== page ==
On the term "Open Source"

The internet runs on Open Source Software. But what does "Open Source" mean, and where did the term come from? It's still unclear what the actual origin was, but one thing is certain: the term predates claims by members of the Open Source Initiative. I reached out to Lyle Ball, CEO of NetEndeavor and former head of public relations at Caldera for his opinion on the subject, and he was kind enough to provide a substantial and informative response.

Berkeley in the Sixties

In a time in which we have a tendency to feel disenfranchised and powerless, we would all do well to remember the lessons of the free speech movement at the University of California, Berkeley in the 1960s. The motivated students of UCB created a feeling of empowerment in the student body that had important positive repercussions not only for the freedom of speech, but also the equal rights and women's rights movements.

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Sentenced to two years hard labor (for sodomy), Oscar Wilde stood handcuffed in driving rain waiting for transport to prison. "If this is the way Queen Victoria treats her prisoners," he remarked, "she doesn't deserve to have any." James McNeill Whistler's (painter of "Whistler's Mother") failure in his West Point chemistry examination once provoked him to remark in later life, "If silicon had been a gas, I should have been a major general."

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I walked on toward Ploughwright, thinking about feces. What a lot we had found out about the prehistoric past from the study of fossilized dung of long-vanished animals. A miraculous thing, really; a recovery from the past from what was carelessly rejected. And in the Middle Ages, how concerned people who lived close to the world of nature were with the feces of animals. And what a variety of names they had for them: the Crotels of a Hare, the Friants of a Boar, the Spraints of an Otter, the Werderobe of a Badger, the Waggying of a Fox, the Fumets of a Deer.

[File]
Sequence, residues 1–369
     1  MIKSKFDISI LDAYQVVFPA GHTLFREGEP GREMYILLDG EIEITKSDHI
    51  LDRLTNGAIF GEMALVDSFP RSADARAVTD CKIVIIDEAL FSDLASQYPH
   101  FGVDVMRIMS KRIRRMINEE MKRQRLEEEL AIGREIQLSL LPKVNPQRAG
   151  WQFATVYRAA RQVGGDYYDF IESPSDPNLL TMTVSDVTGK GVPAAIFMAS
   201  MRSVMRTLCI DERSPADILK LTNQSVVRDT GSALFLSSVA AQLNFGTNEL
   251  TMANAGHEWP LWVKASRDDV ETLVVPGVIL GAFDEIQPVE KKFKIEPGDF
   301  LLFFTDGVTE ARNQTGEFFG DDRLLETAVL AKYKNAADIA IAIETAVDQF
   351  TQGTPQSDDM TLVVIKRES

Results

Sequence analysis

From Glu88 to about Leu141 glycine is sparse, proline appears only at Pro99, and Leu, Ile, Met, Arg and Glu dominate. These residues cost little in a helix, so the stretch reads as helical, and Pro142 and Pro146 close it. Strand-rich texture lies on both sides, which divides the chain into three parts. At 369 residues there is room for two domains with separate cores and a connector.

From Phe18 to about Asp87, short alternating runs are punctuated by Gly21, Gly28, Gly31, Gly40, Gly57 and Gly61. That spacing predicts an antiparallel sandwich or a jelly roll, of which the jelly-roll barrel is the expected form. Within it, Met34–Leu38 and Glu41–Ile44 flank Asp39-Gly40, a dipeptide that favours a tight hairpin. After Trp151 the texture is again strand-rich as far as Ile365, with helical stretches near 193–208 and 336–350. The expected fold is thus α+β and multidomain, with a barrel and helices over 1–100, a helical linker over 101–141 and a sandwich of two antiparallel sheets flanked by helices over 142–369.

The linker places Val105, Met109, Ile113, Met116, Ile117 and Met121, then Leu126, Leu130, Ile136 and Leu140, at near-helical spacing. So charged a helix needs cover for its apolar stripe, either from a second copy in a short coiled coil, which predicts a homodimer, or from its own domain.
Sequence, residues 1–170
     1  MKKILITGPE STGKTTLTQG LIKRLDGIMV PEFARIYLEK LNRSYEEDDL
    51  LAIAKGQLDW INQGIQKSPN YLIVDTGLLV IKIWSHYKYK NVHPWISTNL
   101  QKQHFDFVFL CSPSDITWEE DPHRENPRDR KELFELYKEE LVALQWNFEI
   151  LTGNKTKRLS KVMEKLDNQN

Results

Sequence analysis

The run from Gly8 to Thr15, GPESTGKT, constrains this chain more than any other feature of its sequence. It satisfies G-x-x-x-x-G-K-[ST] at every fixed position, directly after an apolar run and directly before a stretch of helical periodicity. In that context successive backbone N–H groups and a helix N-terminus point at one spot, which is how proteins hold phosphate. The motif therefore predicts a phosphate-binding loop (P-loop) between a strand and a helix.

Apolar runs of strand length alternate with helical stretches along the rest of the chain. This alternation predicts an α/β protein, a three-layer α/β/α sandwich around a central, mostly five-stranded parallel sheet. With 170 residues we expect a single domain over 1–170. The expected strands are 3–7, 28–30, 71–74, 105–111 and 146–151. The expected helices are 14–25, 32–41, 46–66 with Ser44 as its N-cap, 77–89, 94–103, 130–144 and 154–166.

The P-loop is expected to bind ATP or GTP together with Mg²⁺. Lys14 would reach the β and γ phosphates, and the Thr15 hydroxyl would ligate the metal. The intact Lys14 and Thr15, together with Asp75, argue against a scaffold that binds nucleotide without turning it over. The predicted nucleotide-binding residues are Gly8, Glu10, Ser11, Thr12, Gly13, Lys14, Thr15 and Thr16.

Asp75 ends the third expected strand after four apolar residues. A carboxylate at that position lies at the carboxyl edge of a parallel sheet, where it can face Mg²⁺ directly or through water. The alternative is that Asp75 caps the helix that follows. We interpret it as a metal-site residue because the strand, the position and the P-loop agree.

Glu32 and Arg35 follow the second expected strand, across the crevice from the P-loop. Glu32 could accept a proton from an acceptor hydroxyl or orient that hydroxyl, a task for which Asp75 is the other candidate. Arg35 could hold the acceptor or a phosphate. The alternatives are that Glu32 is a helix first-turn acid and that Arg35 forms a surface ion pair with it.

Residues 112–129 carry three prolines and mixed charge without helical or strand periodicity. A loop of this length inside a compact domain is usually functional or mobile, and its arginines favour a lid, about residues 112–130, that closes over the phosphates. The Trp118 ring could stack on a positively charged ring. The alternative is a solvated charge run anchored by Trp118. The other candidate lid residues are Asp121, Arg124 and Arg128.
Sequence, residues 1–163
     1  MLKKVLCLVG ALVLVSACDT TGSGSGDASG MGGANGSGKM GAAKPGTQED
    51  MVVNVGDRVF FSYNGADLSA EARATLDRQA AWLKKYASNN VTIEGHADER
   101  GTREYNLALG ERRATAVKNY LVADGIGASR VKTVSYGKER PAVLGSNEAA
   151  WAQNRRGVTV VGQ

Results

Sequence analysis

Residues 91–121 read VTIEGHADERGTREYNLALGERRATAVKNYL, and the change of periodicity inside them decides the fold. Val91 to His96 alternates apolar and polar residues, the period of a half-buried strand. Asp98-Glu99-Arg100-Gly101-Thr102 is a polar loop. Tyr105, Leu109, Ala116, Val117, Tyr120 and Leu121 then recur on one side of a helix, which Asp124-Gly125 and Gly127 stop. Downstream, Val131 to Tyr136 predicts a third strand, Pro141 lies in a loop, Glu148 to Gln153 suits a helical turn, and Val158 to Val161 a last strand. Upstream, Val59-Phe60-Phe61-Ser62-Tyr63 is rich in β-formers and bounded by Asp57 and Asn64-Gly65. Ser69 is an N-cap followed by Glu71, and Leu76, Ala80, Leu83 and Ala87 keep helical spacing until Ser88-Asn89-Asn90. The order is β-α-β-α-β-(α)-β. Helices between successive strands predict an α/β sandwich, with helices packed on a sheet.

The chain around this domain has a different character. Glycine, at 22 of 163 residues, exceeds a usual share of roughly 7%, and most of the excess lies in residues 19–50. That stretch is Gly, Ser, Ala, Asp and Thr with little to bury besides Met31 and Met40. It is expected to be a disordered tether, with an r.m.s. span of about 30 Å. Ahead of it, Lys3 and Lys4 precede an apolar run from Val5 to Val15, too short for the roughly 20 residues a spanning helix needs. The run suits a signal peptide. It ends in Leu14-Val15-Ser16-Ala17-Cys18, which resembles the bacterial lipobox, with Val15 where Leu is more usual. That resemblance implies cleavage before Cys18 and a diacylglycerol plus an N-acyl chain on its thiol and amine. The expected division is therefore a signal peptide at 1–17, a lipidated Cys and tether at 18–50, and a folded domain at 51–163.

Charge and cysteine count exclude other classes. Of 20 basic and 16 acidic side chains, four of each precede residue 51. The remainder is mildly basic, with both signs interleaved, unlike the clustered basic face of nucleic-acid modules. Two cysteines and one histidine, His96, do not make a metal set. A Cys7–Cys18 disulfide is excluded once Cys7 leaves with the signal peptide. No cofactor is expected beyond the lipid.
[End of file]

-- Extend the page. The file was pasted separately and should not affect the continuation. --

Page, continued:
— Robertson Davies

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Hardly a pure science, history is closer to animal husbandry than it is to mathematics, in that it involves selective breeding. The principal difference between the husbandryman and the historian is that the former breeds sheep or cows or such, and the latter breeds (assumed) facts. The husbandryman uses his skills to enrich the future; the historian uses his to enrich the past. Both are usually up to their ankles in bullshit.
— Tom Robbins


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